· Greek film maker Theo Angelopoulos dies in a street accident ·
It is truly symbolic that the death of Theo Angelopoulos happened on the same day that an artist once very personal like Marin Scorsese was celebrated by the Academy for a product, bowing slavishly to any technological innovations within the industry.
The great Greek director worked at the other extreme. He seemed to enjoy going against the fashion, even too much, enough to attract constant criticism. Such was the case with The Beekeeper (1986), a film inaugurating his long partnership with Tonino Guerra, or Eternity and a day (1998),
but secured him the Palm d'Or at the Cannes Film Festival, confirming how difficult it is to put his films in a box.
One can say that in almost all cases his tone is extremely contemplative, that narrative rhythm, slower than life, which made it difficult for the general public, it was definitely not the manner of a surly and old fashioned author.
The most precious legacy of his work continues to be the capacity to travel along that ever so subtle line between self and world, to know how to tell the story of a people through the interior life of a single hero. Take Ulysses' gaze (1995), the story of an exiled film maker who returns to Greece to search for the Country's first film. He pursues his illusion through the Balkans, war-torn and lost in the aftermath of other illusions. This film becomes a journey in which personal and collective memory intertwine.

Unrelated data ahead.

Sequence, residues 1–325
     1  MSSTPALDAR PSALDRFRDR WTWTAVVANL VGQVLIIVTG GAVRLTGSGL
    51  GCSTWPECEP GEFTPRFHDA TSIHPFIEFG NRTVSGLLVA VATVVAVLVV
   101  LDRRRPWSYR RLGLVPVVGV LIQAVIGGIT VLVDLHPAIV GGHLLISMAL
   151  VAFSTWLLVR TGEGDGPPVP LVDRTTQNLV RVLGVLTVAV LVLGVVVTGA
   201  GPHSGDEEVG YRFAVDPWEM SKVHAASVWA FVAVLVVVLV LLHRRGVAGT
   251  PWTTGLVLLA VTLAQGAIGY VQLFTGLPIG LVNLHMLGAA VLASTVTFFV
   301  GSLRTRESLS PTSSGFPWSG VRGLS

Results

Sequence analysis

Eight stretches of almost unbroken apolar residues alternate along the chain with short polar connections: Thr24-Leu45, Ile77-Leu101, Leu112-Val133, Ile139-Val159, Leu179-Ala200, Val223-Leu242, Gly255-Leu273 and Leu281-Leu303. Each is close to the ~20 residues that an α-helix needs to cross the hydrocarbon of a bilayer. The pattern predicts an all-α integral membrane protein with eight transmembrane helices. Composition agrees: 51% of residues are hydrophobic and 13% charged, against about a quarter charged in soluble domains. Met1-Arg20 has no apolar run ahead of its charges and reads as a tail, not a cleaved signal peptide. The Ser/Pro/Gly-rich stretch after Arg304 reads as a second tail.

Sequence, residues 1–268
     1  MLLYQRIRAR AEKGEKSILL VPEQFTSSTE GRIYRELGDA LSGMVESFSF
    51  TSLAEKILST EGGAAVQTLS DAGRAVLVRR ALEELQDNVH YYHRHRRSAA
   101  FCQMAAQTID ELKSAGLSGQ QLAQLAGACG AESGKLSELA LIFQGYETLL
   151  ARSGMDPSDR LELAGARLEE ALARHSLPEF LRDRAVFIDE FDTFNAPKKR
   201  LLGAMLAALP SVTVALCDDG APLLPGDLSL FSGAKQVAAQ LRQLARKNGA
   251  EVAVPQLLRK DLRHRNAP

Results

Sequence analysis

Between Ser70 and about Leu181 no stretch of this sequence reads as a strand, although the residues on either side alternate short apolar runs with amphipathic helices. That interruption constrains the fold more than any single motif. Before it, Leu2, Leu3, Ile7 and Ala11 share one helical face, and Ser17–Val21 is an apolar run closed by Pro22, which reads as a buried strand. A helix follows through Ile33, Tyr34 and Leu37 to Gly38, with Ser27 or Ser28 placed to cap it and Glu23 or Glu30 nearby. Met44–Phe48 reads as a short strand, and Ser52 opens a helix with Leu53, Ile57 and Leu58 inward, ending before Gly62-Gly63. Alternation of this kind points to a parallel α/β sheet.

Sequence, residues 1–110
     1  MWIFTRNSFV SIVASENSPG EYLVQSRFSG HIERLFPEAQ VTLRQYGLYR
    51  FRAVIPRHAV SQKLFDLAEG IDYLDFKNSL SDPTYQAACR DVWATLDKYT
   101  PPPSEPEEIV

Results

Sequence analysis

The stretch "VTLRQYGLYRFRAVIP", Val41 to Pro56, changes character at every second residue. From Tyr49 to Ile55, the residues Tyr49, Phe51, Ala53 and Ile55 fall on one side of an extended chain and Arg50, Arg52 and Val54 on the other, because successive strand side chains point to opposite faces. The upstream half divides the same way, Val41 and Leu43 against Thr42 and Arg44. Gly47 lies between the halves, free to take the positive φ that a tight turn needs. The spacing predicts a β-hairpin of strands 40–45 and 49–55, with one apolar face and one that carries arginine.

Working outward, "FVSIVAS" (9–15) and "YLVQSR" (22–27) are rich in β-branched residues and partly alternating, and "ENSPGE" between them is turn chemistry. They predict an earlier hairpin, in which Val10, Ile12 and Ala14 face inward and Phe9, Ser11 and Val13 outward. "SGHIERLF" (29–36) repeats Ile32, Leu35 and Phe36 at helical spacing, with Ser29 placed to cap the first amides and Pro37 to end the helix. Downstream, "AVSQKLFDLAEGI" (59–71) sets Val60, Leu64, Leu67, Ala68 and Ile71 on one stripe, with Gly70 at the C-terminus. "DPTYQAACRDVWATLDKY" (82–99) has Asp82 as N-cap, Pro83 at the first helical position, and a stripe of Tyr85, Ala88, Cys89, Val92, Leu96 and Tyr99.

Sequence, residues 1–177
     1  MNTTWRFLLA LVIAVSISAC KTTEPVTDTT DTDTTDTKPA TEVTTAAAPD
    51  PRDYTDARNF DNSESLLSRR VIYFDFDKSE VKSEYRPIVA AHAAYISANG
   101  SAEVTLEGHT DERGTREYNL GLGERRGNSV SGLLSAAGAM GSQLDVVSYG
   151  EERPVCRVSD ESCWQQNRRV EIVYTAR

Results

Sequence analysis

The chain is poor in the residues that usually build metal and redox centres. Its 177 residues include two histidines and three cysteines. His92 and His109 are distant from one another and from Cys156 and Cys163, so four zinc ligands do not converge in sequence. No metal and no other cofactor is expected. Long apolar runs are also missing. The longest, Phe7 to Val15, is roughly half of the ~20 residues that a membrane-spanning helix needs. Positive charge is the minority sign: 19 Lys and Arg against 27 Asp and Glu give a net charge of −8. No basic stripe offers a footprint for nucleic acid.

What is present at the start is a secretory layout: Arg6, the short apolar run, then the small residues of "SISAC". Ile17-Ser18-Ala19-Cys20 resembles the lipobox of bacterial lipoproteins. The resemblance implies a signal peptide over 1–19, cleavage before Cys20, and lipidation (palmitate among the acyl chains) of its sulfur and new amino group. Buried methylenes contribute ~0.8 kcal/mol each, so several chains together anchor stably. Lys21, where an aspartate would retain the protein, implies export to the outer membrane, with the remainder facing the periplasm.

In that sense, Angelopoulos became the spokesman of a generation in claiming the right to a story, and in denouncing the aberrations that deprive people of it. Only in this way did he end up resembling some of his fellow countrymen, in a place where belonging to Europe's nouvelle vagues was little more than a chronological coincidence and the work of Brecht was an elective affinity at which the director arrived on other ways, strictly cinematic. Like this, his famous use of long sequence shots ended up incidentally making his film coincide with the theatre. Indeed, it is in the theatre that The travelling players (1975) caught the attention of European critics. On the stage the classical tragedy and the vicissitudes of the Greek people are woven together.
Though perhaps not necessarily the best known, the stories of traveling, fleeing, searching, migrating, are the most representative of the great Greek artist. And the hint of travel was already coming from the title of his latest film, in the process of being made, The other sea , of which little is known. We know at least that it was the story of a father and daughter, and that it was about the new generation, maybe about the new people in the grip of current events.
St. Peter’s Square
April 23, 2019
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